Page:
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1.
Prev Med ; 136: 106104, 2020 Jul.
Artículo en Inglés | MEDLINE | ID: mdl-32353574

RESUMEN

Unintentional non-fire related (UNFR) carbon monoxide (CO) poisoning is a preventable cause of morbidity and mortality. Epidemiological data on UNFR CO poisoning can help monitor changes in the magnitude of this burden, particularly through comparisons of multiple countries, and to identify vulnerable sub-groups of the population which may be more at risk. Here, we collected data on age- and sex- specific number of hospital admissions with a primary diagnosis of UNFR CO poisoning in England (2002-2016), aggregated to small areas, alongside area-level characteristics (i.e. deprivation, rurality and ethnicity). We analysed temporal trends using piecewise log-linear models and compared them to analogous data obtained for Canada, France, Spain and the US. We estimated age-standardized rates per 100,000 inhabitants by area-level characteristics using the WHO standard population (2000-2025). We then fitted the Besag York Mollie (BYM) model, a Bayesian hierarchical spatial model, to assess the independent effect of each area-level characteristic on the standardized risk of hospitalization. Temporal trends showed significant decreases after 2010. Decreasing trends were also observed across all countries studied, yet France had a 5-fold higher risk. Based on 3399 UNFR CO poisoning hospitalizations, we found an increased risk in areas classified as rural (0.69, 95% CrI: 0.67; 0.80), highly deprived (1.77, 95% CrI: 1.66; 2.10) or with the largest proportion of Asian (1.15, 95% CrI: 1.03; 1.49) or Black population (1.35, 95% CrI: 1.20; 1.80). Our multivariate approach provides strong evidence for the identification of vulnerable populations which can inform prevention policies and targeted interventions.

2.
Int J Epidemiol ; 49(Supplement_1): i49-i56, 2020 Apr 01.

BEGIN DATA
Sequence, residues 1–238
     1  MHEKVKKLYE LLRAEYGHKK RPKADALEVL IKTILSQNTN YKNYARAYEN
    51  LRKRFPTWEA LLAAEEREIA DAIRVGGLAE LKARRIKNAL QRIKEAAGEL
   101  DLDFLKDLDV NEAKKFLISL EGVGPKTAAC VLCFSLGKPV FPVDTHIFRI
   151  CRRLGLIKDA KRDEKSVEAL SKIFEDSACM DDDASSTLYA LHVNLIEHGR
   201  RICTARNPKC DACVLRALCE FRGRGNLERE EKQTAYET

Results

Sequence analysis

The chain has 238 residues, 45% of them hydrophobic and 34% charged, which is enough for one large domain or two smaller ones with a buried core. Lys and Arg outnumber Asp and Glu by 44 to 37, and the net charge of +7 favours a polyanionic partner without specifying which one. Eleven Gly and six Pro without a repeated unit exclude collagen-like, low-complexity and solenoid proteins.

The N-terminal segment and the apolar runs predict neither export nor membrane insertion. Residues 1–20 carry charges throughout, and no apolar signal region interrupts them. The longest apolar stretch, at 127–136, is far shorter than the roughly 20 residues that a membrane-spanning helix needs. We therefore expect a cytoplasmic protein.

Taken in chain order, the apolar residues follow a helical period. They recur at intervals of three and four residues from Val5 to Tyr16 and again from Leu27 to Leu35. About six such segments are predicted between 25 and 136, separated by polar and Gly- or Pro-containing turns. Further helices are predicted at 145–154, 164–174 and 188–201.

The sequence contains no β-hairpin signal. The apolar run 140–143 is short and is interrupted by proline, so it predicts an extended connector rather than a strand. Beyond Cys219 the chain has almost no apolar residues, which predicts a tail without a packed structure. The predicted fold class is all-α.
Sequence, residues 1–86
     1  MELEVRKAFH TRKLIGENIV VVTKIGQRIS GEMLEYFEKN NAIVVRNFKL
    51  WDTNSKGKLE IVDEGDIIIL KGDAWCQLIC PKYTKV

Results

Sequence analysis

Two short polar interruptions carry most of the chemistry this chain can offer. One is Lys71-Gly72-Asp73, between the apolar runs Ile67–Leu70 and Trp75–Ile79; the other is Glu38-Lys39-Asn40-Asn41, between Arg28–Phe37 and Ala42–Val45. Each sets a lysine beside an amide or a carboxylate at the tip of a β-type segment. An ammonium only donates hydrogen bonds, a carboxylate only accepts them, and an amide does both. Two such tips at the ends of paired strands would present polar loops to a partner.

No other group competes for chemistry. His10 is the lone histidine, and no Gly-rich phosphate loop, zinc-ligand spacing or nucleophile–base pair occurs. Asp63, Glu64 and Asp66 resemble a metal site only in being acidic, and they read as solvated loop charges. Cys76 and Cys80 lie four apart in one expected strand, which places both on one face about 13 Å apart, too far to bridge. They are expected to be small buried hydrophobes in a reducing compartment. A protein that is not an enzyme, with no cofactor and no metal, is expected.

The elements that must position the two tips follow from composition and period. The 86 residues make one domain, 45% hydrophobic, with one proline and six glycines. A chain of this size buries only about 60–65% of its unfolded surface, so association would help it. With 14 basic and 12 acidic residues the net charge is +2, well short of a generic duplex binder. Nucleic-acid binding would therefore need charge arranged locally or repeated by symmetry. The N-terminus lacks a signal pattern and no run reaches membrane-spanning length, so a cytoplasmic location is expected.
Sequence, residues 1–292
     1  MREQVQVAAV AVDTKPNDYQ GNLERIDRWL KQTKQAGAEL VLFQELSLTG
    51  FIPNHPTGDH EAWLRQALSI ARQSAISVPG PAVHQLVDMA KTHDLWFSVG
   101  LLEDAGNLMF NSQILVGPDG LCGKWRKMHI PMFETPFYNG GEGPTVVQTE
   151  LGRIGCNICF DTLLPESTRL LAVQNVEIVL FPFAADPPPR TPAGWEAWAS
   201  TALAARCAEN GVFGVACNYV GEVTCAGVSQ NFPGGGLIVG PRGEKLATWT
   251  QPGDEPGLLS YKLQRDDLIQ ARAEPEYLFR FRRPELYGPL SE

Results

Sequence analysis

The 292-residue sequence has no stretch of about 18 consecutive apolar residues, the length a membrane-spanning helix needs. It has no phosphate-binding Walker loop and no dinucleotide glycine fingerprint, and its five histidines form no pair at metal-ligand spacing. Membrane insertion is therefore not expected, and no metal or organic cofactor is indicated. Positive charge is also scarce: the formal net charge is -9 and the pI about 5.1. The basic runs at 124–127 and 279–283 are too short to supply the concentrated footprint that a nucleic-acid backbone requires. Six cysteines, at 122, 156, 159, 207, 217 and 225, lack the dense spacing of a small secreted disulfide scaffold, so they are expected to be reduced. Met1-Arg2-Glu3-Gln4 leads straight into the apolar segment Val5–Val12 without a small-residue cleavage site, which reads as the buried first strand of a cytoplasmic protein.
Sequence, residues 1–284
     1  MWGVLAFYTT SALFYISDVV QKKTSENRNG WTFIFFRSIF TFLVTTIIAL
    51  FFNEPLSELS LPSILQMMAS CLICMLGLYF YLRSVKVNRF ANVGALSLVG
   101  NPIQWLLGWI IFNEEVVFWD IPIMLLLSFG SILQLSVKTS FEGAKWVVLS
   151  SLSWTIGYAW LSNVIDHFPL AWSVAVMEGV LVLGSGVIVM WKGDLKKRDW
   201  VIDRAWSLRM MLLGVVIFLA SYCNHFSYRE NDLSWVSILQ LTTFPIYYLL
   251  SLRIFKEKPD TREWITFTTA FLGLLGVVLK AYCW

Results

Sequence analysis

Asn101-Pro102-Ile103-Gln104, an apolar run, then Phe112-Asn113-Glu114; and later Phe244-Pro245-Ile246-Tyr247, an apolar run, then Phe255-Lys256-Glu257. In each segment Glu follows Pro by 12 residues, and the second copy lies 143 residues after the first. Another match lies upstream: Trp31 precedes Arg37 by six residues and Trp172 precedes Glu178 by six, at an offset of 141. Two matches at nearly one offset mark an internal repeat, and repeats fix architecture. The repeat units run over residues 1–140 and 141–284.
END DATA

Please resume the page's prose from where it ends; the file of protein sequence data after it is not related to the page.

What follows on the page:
Artículo en Inglés | MEDLINE | ID: mdl-32293006

RESUMEN

BACKGROUND: We have developed an open-source ALgorithm for Generating Address Exposures (ALGAE) that cleans residential address records to construct address histories and assign spatially-determined exposures to cohort participants. The first application of this algorithm was to construct prenatal and early life air pollution exposure for individuals of the Avon Longitudinal Study of Parents and Children (ALSPAC) in the South West of England, using previously estimated particulate matter ≤10 µm (PM10) concentrations. METHODS: ALSPAC recruited 14 541 pregnant women between 1991 and 1992. We assigned trimester-specific estimated PM10 exposures for 12 752 pregnancies, and first year of life exposures for 12 525 births, based on maternal residence and residential mobility. RESULTS: Average PM10 exposure was 32.6 µg/m3 [standard deviation (S.D.) 3.0 µg/m3] during pregnancy and 31.4 µg/m3 (S.D. 2.6 µg/m3) during the first year of life; 6.7% of women changed address during pregnancy, and 18.0% moved during first year of life of their infant. Exposure differences ranged from -5.3 µg/m3 to 12.4 µg/m3 (up to 26% difference) during pregnancy and -7.22 µg/m3 to 7.64 µg/m3 (up to 27% difference) in the first year of life, when comparing estimated exposure using the address at birth and that assessed using the complete cleaned address history. For the majority of individuals exposure changed by <5%, but some relatively large changes were seen both in pregnancy and in infancy. CONCLUSIONS: ALGAE provides a generic and adaptable, open-source solution to clean addresses stored in a cohort contact database and assign life stage-specific exposure estimates with the potential to reduce exposure misclassification.

3.
Int J Epidemiol ; 49(Supplement_1): i38-i48, 2020 Apr 01.
Artículo en Inglés | MEDLINE | ID: mdl-32293011

RESUMEN